the Patent was recorded and the note paid by James Kidd, Eliza Everhart deeded
the property to him. No explanation was made in the records for the difference
of 640 acres recorded on the Patent and 576 acres on the sale.
owned land on BoisDArc Creek in Fannin County that appeared on the Grayson
County tax records through 1858 as lands owned in other counties. This
indicates that Eliza was still living in Grayson County at that time.
In November 1854,
James B.'s brother, Emauel, petitioned Grayson
County Court for Letter of Administration and was appointed administrator
of the estate of James Everhart, deceased. At the July 1857 Term Emanuel filed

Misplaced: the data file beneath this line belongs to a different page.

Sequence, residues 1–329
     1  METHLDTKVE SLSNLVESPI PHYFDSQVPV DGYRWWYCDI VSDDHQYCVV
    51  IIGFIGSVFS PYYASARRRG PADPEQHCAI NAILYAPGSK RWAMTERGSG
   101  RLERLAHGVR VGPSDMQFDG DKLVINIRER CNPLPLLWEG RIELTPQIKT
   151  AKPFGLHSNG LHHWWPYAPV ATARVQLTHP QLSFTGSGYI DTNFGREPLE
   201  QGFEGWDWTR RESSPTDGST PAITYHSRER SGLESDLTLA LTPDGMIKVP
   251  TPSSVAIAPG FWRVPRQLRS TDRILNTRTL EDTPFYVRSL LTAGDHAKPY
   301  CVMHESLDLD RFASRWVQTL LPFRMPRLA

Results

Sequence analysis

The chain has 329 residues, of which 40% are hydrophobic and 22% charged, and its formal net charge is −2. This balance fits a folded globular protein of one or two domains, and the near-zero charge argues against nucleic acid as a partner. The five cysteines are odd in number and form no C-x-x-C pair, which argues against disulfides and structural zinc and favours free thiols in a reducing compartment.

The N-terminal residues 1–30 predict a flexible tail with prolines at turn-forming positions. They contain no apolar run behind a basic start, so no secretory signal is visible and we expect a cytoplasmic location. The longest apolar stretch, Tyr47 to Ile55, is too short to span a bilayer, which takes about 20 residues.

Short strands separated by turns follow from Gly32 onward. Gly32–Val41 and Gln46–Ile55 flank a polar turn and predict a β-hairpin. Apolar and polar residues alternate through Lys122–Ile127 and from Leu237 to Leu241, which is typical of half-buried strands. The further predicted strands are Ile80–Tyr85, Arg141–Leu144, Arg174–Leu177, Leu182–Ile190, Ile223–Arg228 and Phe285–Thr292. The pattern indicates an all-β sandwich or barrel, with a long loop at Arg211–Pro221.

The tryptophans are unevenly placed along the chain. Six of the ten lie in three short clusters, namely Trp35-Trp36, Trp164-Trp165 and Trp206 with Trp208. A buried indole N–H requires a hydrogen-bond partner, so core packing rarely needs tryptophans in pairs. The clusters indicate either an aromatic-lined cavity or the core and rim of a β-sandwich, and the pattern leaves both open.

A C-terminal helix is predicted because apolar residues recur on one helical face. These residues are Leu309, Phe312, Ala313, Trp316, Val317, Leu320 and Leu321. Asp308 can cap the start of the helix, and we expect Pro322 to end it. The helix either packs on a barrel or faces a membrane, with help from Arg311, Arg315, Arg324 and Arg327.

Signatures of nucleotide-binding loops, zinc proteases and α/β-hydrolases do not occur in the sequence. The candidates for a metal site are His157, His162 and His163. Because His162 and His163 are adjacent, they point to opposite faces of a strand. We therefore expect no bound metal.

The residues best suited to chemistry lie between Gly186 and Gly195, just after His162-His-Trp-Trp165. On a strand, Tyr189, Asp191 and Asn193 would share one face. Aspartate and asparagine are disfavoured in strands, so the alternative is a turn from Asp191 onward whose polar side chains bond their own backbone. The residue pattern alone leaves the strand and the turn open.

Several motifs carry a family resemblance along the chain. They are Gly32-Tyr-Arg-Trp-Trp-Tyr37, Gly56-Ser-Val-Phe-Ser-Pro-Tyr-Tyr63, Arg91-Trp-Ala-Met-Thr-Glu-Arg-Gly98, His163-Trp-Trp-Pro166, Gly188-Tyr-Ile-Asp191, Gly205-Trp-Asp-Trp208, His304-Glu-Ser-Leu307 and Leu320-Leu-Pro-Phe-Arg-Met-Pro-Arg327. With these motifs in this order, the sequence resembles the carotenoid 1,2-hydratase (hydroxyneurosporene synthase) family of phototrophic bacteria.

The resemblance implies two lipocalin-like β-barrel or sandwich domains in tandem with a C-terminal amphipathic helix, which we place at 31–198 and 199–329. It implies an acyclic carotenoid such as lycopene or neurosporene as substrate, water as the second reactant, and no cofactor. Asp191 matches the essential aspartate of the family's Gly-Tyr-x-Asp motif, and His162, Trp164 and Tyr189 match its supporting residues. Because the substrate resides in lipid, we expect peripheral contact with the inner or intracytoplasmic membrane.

his final report of $2,173.661/2 cts. belonging to the estate and legal claims
against the estate of $1,367.91, "leaving a balance in the hands of the
Administrator in favor of said Estate of the sum of $615.75 cts."
child was probably born after his death. The 1860 census lists a son, James age
5, but 1870 lists a daughter, Mary, age 14. The probate records list a daughter
Mary and make no mention of a son James therefore, we believe the 1860 census
On September 8,
1859, Eliza Jane Everhart married William N. Hadden in Grayson County Texas.
The Hadden family owned land in Fannin County, and William and Eliza appeared
on the 1860 census in Fannin County. The census stated William Hadden's real
estate to be valued at $4000. Eliza's age was 40 and William's was 23. The 1850
census had her age as 35 and 1870 it was 62, so she was probably older than 40.
In April 1868,
Eliza Hadden petition for guardianship of her minor children in
Grayson County Texas. The minor children listed were " Richard Everhard,